Excerpt from Roger Ebert at the Chicago Sun-Times located HERE

Image :    NOTE: The below Blu-ray captures were taken directly from the Blu-ray disc.

The Company of Men appears a notch above 'average' for a single-layered new format video transfer. The bitrate is modest but the image is consistent and has a few impressive scenes.  Detail is at the higher end - notable in many of the close-ups. Colors seem true and contrast is strong. While I don't have any complaints - the depth isn't overwhelming. This Blu-ray is beyond SD and is probably a decent representation of the theatrical appearance. There are hardly any dark scenes and noise is non-existent. Hopefully the captures below will give you a good idea of the image quality.
















Audio :

The DTS-HD Master 5.1 track at 3425 kbps is more than capable of handling what is necessary, audio-wise, for The Company Men. There is not a lot of robust effects necessary and a few subtle separations make it to the rear speakers. Aaron Zigman's score is less noticeable but supports the film well - in required moments. Overall while the lossless transfer is capable of more - the film doesn't throw much at it in terms of depth. There are optional subtitles.


Extras :

We get a good commentary from director/writer John Wells. He is a smart chap and has some interesting things to say beyond production details. Give it a whirl and you should be pleasantly surprised by it. There is a 13-minute alternate ending (think I prefer the one in the film), and Deleted Scenes (running just over 7-minutes) plus the, more or less, standard Making of... for just shy of 15-minutes. All supplements are in 480i and are on the simultaneously released DVD HERE.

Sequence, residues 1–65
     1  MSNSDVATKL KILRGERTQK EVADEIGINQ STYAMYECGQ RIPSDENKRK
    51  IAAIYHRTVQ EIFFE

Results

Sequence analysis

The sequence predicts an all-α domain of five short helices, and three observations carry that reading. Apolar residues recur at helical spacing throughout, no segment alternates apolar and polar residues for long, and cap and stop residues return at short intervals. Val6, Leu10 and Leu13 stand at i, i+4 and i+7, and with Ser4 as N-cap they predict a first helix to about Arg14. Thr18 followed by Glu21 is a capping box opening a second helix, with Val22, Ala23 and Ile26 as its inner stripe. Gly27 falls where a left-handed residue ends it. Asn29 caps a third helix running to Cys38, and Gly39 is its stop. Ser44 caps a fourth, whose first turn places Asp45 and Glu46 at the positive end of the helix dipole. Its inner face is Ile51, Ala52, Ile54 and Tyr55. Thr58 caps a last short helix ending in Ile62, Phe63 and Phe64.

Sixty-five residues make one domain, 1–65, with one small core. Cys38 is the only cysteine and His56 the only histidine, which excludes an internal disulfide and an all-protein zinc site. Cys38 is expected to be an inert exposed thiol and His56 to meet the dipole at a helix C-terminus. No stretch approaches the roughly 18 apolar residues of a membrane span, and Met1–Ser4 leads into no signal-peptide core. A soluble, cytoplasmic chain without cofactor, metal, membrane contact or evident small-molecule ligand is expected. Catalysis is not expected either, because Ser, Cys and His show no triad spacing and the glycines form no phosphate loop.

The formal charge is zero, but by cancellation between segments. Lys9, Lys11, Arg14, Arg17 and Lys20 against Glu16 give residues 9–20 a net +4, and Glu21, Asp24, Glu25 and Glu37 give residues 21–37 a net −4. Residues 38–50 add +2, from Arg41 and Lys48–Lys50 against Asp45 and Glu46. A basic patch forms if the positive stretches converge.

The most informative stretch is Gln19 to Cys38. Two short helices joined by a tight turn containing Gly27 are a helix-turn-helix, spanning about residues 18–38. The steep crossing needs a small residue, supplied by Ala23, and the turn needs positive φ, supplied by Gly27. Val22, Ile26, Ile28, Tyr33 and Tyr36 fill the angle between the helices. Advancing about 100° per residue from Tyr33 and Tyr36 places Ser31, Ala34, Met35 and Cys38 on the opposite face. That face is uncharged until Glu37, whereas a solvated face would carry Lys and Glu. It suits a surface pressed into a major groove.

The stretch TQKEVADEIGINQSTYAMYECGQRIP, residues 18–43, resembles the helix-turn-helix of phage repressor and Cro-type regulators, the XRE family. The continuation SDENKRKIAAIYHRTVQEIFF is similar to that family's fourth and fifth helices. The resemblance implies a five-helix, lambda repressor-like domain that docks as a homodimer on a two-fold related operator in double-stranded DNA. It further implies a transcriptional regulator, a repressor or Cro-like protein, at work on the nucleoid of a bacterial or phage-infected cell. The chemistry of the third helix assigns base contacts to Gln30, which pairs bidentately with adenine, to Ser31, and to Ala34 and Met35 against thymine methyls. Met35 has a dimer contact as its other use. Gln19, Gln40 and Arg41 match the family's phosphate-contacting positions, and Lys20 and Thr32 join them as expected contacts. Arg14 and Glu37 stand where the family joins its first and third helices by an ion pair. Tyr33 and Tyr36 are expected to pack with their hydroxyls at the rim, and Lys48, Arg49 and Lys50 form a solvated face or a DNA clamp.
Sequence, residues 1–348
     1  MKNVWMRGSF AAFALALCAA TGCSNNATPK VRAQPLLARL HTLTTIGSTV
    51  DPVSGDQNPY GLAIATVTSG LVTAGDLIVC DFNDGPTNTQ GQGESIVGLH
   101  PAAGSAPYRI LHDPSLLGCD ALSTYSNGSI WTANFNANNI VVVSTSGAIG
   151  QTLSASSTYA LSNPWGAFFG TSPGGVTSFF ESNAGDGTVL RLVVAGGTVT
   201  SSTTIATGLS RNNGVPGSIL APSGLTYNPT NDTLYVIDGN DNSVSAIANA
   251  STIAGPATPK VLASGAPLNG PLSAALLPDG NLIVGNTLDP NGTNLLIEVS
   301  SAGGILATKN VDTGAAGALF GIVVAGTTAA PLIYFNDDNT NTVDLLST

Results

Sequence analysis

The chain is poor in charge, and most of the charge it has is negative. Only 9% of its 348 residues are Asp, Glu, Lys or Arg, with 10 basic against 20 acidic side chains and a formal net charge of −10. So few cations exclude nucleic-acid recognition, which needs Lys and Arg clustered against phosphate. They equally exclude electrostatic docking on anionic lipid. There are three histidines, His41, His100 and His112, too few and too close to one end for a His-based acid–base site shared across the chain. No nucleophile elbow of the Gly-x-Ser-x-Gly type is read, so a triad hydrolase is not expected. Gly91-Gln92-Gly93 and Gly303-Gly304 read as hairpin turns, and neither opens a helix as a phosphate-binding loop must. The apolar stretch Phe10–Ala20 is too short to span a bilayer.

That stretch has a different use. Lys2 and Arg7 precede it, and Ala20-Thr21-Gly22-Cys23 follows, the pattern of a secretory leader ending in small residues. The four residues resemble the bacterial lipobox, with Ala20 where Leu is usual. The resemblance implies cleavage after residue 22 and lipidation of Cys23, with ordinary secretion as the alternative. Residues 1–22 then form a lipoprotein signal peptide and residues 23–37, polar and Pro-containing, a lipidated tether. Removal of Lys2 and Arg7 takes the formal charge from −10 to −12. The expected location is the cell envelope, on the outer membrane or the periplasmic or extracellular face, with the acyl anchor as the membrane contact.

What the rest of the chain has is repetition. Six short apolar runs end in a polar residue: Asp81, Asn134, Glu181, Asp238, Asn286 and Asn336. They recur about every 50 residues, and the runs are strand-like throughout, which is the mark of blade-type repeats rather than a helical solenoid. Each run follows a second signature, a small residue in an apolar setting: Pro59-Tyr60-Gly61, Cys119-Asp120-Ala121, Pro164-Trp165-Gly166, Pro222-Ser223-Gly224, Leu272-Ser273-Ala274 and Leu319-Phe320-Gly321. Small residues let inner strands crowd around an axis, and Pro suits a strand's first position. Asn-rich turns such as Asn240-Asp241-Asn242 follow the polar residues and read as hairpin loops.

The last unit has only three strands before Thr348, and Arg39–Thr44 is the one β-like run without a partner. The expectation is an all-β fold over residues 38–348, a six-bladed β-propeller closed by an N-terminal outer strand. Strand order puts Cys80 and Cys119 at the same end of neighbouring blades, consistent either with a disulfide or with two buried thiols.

I'd watch anything with Tommy Lee Jones and Chris Cooper. Costner, in his limited role, was also quite effective. This is a very good film - approaching the corporate angle from the personal truisms. It was honest, human and I liked what it was saying. The Blu-ray won't be a 'demo' disc but it will give you a solid presentation. I suspect a lot of people will really like The Company Men - beyond the impressive performances. I'm surprised I didn't hear more about it last year. Anyway - recommended! 

Gary Tooze

June 2nd, 2011

About the Reviewer: Hello, fellow Beavers! I have been interested in film since I viewed a Chaplin festival on PBS when I was around 9 years old. I credit DVD with expanding my horizons to fill an almost ravenous desire to seek out new film experiences. I currently own approximately 9500 DVDs and have reviewed over 3500 myself. I appreciate my discussion Listserv for furthering my film education and inspiring me to continue running DVDBeaver. Plus a healthy thanks to those who donate and use our Amazon links.

Although I never wanted to become one of those guys who focused 'too much' on image and sound quality - I find HD is swiftly pushing me in that direction.

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Gary W. Tooze